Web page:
Four sections today– two that are shorter and less interesting, so I’m going to go a little out of order and get those done first.  Section 3138 addresses “Certain Cancer Hospitals.”  These are hospitals which already get special adjustments by Medicare for their inpatient costs (because of the high cost of chemotherapy and so on), and now there will be a study to see if the outpatient costs for those hospitals are also higher.  If that turns out to be the case, the costs after Jan 1, 2011 will be adjusted.  Interestingly, though, no deadline for the study completion is given.  I can’t tell how long HHS would have to go back and pay the extra money.  Section 3141 is a method of calculating the Medicare hospital wage index floor, which is supposed to go back to the way it was in 2008– a national wage index adjustment will be made, with less regional variation.  Not enough detail in this short section to help me know exactly what this would mean.

Section 3139 is about “Biosimilar Biological Products.”  Biologic drugs, compared to “chemical” drugs, are larger, more complicated molecules that are taken from living organisms, including plants, animals, and microbes.  Hormones such as insulin, vaccines, and genetically engineered monoclonal antibody treatments like the newer rheumatoid arthritis medicines fall into this category.  For some reason I can’t understand, no one ever calls medicines directly taken from plants, like echinacea or digitalis, biologics.  Isn’t penicillin really a biologic?  It came from a mold.  If that’s because of the molecule size, I never did find a cutoff for what’s considered small or large.  Anyway, biologics don’t fall under the same rules as generics, because the new companies can’t necessarily exactly duplicate the original molecule (companies that make generics aren’t given anyone’s secret recipe– they have to analyse it and figure out the chemical structure on their own).  Usually when generics come out, they are much much cheaper than the original, but “biosimilar” biologics will not be as cheap.  This section adjusts what Medicare will pay by adding 6% of the original biologic price to the new biosimilar price.  Sounds like Medicare is agreeing to pay more for these drugs than other organizations will be paying, which makes zero sense to me.  Even worse than saying, as we already do, that Medicare can’t negotiate prices with drug companies.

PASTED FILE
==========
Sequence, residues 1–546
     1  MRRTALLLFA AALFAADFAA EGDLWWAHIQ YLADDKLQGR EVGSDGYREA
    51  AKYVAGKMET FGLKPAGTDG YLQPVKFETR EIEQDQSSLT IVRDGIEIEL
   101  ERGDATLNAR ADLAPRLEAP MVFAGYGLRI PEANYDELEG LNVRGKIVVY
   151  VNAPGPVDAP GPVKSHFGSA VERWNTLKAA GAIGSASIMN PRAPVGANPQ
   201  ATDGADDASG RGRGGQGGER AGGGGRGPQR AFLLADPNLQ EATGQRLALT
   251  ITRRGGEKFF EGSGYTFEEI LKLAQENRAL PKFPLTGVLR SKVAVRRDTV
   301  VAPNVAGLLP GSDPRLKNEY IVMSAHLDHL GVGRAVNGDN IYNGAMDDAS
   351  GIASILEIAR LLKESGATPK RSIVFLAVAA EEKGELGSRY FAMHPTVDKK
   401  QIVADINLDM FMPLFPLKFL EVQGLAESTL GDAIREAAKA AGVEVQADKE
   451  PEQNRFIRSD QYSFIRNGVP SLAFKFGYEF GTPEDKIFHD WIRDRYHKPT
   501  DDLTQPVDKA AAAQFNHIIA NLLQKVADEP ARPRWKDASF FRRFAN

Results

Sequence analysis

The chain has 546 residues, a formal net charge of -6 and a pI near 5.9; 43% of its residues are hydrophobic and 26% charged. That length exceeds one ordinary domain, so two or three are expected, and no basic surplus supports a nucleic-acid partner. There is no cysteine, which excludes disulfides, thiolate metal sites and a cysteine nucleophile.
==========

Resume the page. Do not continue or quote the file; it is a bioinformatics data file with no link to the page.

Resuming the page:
Section 3140 is a “demonstration project” to see how it would work to allow Medicare patients to receive both hospice and traditional Medicare services at the same time, measured in terms of care quality and cost.  The hospice idea is being adjusted in some ways– turns out it isn’t so easy to draw lines between whether a person can only get comfort care (pain meds, feedings, fluids) or “curative” care like surgeries or chemotherapy.  This is partly because some of the curative therapies are also palliative– they may lessen a person’s symptoms and actually wind up making the dying process more comfortable.  It is also hard for people to have to make a choice– humans don’t really think in such definite terms and we resist giving up hope.  So integrating the two parts of medical care does make sense– it would allow a person with a potentially fatal illness to have an easier transition into hospice type care, while continuing other aspects of care that may have a chance of helping.  I’ll be interested to see how this turns out.